African swine fever and the adaptive capacity of ethnic minority smaller-scale producers of pork in the Northern Mountainous Region of Vietnam



Published Oct 30, 2022
Aaron Kingsbury

Son Ho

Ha Hoa

Huong Kieu


One of the poorest areas of Vietnam, the Northern Mountainous Region (NMR) is largely populated by ethnic minorities. Women in these communities produce heritage breeds of pork on a smaller scale, providing them with opportunities and agency. This production also brings alternative sources of revenue outside of the cultivation of rice and corn, maintains genetic diversity, and continues indigenous knowledge systems of livestock management that have contributed to the resiliency of local communities for generations. Drawing on fieldwork in eight villages in Bac Kan and Lao Cai provinces, each populated differently by Hmong, Nung, San Chi, and Tay peoples, this article focuses on new forms of vulnerability brought on by African swine fever. With fieldwork conducted at different stages of the pandemic, African swine fever was found to be not only devastating local pigs but also strongly impacting the sustainable future of smaller-scale farming and the very livelihoods of many ethnic minority populations across the NMR. Overall, this article draws on this moment of crisis to provide strong evidence in support of nuanced policymaking that considers the complex and multi-scale interactions between geography, marginalization, ethnicity, and culture.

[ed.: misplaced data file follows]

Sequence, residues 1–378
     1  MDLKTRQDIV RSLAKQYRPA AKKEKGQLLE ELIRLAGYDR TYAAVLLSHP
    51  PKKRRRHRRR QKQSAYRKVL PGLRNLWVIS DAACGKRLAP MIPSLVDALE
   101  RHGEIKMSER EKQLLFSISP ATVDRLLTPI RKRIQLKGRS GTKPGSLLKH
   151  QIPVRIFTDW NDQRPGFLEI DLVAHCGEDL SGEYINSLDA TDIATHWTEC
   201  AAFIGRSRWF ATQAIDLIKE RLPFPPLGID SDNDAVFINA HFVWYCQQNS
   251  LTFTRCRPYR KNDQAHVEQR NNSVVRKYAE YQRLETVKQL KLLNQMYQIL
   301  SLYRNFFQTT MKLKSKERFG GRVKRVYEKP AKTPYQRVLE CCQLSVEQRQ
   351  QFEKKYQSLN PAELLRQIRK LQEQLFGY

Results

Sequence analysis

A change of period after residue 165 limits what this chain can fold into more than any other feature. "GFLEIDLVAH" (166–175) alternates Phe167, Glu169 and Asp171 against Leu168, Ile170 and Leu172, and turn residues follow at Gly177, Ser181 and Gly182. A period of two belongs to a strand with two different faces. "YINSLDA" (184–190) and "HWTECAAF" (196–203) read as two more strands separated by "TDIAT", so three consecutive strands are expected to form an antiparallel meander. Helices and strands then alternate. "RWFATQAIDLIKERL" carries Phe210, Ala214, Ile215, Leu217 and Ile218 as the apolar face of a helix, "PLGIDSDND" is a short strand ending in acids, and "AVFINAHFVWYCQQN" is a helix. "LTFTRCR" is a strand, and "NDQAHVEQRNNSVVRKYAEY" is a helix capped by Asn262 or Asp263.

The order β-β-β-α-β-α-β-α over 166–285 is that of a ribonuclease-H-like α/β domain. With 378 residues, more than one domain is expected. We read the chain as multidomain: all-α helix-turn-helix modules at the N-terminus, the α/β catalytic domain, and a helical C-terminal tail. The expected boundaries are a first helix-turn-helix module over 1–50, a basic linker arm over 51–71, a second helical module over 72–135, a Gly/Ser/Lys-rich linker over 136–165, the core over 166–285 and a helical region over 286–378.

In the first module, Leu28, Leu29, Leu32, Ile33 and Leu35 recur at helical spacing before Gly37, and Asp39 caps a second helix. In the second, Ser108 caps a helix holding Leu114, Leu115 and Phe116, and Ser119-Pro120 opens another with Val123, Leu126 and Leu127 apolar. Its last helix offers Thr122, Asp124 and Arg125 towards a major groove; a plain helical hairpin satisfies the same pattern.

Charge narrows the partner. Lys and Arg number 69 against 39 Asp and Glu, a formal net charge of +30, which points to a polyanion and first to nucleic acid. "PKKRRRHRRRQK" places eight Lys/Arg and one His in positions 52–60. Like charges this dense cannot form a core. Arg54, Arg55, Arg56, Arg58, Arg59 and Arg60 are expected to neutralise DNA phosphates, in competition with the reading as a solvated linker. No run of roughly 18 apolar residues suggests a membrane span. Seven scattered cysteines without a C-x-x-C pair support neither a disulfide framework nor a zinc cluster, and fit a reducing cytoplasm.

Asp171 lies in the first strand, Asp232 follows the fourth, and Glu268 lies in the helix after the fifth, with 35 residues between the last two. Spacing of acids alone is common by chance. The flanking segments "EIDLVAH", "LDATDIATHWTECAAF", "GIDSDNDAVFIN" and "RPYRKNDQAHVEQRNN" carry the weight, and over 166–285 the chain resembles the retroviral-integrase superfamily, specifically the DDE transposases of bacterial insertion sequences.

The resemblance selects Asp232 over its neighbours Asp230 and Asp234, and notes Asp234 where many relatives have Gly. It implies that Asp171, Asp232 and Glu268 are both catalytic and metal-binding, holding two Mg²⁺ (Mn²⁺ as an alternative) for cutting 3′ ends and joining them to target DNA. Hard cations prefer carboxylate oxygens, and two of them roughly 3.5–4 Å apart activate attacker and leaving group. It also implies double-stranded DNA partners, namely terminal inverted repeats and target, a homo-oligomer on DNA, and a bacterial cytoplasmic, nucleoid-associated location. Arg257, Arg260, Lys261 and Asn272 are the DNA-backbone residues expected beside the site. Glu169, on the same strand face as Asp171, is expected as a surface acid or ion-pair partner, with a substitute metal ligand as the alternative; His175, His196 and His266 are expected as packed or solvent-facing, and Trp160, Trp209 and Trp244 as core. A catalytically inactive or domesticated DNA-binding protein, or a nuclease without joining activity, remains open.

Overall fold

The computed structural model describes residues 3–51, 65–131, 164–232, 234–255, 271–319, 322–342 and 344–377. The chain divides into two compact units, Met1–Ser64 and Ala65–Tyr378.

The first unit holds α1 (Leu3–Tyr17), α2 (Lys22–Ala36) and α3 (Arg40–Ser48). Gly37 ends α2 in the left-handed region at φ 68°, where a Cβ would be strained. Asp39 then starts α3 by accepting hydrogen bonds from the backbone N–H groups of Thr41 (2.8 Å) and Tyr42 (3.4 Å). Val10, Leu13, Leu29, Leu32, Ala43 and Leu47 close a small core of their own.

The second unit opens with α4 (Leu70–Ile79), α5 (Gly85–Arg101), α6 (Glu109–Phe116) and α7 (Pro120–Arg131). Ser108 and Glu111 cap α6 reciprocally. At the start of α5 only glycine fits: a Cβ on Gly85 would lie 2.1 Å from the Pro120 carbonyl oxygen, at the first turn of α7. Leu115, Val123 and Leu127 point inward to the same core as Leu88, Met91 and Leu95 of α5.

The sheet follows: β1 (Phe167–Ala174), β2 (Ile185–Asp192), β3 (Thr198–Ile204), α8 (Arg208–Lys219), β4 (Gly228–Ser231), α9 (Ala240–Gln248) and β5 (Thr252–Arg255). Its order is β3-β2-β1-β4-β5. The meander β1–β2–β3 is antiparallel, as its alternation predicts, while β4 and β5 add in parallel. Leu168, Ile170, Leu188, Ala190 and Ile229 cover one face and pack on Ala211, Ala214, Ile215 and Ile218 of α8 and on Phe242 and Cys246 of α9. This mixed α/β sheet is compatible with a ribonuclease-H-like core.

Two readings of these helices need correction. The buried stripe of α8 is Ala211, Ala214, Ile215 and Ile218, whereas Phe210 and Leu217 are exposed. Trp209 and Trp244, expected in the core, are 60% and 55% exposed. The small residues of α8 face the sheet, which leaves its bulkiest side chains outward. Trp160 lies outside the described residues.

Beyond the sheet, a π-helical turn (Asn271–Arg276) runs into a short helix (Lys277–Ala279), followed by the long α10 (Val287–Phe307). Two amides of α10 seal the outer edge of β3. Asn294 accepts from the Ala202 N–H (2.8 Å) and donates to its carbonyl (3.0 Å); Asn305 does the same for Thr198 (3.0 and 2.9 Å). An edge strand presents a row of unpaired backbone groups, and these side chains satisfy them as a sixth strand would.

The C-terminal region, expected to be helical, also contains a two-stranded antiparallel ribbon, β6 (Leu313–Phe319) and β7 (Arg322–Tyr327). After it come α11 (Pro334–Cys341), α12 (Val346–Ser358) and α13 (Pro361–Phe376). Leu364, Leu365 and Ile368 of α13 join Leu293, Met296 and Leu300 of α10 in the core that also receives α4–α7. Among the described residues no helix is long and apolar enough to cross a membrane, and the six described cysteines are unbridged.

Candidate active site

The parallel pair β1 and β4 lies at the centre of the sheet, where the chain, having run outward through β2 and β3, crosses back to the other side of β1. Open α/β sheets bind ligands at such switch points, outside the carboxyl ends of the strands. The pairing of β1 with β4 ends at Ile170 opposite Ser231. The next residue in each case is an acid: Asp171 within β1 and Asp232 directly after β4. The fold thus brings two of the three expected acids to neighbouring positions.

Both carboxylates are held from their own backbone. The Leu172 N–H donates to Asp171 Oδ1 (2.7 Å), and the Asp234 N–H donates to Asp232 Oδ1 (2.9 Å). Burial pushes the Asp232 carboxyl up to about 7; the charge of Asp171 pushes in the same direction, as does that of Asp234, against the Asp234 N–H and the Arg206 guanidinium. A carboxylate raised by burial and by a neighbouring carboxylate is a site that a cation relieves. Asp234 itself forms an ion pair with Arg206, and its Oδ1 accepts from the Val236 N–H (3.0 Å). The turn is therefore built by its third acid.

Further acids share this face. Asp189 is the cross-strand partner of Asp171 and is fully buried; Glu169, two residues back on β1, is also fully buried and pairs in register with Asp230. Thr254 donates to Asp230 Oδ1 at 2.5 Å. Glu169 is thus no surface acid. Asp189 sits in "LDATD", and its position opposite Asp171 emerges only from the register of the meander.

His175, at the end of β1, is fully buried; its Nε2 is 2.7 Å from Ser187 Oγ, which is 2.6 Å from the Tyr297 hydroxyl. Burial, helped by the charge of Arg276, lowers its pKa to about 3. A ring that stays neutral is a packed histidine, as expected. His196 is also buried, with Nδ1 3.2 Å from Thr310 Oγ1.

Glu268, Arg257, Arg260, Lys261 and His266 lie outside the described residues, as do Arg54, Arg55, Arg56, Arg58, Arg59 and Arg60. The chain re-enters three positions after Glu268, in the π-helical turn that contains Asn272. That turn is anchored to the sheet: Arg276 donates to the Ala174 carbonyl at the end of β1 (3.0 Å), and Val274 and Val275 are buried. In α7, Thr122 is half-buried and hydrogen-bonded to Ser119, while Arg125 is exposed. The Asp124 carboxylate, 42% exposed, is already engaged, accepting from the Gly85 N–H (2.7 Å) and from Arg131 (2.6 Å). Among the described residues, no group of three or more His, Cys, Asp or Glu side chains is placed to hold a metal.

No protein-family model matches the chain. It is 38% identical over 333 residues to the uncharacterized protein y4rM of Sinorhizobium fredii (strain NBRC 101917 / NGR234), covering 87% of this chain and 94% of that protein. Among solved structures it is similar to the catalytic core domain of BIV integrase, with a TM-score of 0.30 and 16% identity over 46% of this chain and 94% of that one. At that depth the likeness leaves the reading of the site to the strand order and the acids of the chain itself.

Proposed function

How to Cite

Kingsbury, A., Ho, S., Hoa, H. and Kieu, H. (2022) “African swine fever and the adaptive capacity of ethnic minority smaller-scale producers of pork in the Northern Mountainous Region of Vietnam”, The International Journal of Sociology of Agriculture and Food. Paris, France, 28(2), pp. 23–39. doi: 10.48416/ijsaf.v28i2.481.
Abstract 485 | PDF Downloads 306



Social vulnerability, Heritage pigs, African swine fever, Gender, Vietnam

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